This started out to be another “Flash is dead to me” type post. There’s plenty of those out there, but if finally hit me with my own browsing experience. More on that and why I feel it shouldn’t be used the way it’s been used in the past, in a bit.
As I started researching this concept, it turns out, Flash really isn’t dead. It’s focusing on what it does best. Adobe has a whole 5 to 10 year plan for it to keep improving and developing the product. It’s still widely used for video streaming, particularly when you need to tie in ads, rights management and other things. Online game developers are still using Flash as the vehicle of choice for some really cool, interactive games. Just ask any 12 year old to show you his or her favorite online games. Any website or project that needs incredible amounts of animation? They’re great and still Flash based.
So, why did I think Flash was dead? I came across a website that had some Flash pieces on it. It was an audio player and an image gallery. Instead of being able to see and hear everything, I got gaping holes. I really wanted to listen to this artist’s audio clips, too. If I was using my iPad, it wouldn’t have been weird at all. But, here’s the thing, I was on my laptop. My flash player was out of date, so it wouldn’t work and I found myself lazily thinking, “oh well” and moved on. Who knows, if I had listened to it and liked it enough, I may have clicked on over to see if I could download their music.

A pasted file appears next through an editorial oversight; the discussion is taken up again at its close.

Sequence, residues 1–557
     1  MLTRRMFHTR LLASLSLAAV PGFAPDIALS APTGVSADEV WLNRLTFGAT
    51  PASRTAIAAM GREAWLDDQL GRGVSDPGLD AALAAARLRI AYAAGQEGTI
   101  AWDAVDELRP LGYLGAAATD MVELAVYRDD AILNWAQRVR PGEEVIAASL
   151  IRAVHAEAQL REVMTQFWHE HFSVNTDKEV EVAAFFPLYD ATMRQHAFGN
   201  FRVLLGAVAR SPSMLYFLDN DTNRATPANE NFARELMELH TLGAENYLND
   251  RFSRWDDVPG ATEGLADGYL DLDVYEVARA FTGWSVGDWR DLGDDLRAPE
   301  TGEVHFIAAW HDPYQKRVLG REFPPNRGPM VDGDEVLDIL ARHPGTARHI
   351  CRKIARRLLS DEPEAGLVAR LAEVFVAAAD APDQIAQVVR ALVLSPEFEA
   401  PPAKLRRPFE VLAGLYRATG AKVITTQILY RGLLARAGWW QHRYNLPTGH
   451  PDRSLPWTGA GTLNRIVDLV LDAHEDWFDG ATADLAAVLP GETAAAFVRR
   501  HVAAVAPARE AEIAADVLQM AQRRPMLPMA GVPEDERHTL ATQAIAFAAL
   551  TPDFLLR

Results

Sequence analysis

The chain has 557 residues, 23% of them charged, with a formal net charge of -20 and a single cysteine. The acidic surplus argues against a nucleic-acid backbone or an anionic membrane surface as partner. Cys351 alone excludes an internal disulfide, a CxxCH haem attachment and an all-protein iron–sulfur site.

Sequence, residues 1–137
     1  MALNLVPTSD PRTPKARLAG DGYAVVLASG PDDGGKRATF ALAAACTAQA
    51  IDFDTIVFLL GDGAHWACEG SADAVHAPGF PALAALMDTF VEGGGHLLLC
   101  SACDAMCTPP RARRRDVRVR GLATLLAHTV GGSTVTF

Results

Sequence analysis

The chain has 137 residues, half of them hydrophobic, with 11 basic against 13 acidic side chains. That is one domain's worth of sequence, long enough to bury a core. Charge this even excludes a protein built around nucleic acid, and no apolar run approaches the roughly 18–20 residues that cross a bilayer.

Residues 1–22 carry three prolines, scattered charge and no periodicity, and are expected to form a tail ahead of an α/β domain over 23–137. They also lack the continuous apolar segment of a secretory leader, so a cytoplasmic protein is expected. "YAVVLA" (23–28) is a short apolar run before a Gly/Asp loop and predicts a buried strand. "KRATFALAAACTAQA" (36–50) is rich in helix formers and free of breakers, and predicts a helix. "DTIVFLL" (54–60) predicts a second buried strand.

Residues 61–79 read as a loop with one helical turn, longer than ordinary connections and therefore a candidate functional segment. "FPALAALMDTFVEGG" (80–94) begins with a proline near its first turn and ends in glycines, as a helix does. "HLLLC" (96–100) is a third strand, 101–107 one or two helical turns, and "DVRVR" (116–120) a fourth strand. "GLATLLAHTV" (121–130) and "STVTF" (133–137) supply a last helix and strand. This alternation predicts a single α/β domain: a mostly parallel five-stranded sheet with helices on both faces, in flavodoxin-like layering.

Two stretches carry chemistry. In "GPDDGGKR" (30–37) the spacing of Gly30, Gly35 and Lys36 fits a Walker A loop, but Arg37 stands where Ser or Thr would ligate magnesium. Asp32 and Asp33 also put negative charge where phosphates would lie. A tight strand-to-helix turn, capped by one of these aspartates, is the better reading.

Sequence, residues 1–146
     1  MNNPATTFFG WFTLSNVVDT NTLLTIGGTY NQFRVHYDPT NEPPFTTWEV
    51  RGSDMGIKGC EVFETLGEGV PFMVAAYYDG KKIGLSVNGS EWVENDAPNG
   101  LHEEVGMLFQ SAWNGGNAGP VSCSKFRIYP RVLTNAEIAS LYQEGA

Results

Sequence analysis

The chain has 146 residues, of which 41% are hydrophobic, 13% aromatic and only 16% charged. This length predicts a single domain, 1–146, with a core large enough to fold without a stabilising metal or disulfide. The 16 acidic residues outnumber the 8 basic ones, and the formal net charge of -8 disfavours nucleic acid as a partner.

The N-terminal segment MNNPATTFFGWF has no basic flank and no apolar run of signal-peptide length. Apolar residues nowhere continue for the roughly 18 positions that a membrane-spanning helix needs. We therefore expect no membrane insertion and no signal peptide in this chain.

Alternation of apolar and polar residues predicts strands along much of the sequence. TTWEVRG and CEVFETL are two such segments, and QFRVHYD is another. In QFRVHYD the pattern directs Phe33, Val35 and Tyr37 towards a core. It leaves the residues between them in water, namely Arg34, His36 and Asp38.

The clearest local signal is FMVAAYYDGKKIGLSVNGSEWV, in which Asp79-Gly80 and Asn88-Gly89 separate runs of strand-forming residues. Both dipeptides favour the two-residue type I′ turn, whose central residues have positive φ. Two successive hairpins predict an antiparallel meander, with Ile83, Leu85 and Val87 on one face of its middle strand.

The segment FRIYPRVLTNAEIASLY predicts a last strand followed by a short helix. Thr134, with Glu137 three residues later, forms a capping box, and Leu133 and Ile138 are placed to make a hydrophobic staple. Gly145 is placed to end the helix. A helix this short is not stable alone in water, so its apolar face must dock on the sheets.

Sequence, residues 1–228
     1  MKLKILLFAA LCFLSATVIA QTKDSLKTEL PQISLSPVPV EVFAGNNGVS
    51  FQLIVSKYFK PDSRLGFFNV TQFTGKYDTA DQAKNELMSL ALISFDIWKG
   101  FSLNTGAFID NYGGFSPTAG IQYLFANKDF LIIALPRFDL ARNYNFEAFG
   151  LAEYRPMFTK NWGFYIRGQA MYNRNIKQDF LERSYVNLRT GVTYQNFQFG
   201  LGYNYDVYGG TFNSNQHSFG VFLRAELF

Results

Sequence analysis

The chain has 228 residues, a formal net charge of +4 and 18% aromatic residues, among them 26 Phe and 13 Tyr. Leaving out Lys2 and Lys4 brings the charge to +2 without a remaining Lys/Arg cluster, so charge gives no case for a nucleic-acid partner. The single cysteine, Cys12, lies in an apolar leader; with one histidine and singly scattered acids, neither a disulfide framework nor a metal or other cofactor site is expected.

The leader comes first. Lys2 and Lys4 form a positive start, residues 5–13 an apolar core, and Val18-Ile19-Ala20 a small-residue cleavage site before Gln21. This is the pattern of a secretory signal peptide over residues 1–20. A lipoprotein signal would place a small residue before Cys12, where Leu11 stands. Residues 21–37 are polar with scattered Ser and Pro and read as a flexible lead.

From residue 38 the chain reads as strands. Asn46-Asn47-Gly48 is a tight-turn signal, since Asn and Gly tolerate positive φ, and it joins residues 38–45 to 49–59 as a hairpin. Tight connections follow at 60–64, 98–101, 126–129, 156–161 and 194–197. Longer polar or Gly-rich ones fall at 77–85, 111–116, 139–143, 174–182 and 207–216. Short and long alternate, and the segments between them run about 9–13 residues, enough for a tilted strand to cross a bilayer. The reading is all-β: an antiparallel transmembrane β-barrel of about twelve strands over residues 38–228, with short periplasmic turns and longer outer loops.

I’m not alone.
So while my research did show that Flash was still a viable platform in some areas, it did also show that the days of using Flash for audio, video and slideshows are pretty much done. If you have and still use it for your multimedia and want to continue to make sure you’re reaching the widest audience, it’s time to move on to a more modern method of doing so.
As always, if you need help with this, let us know!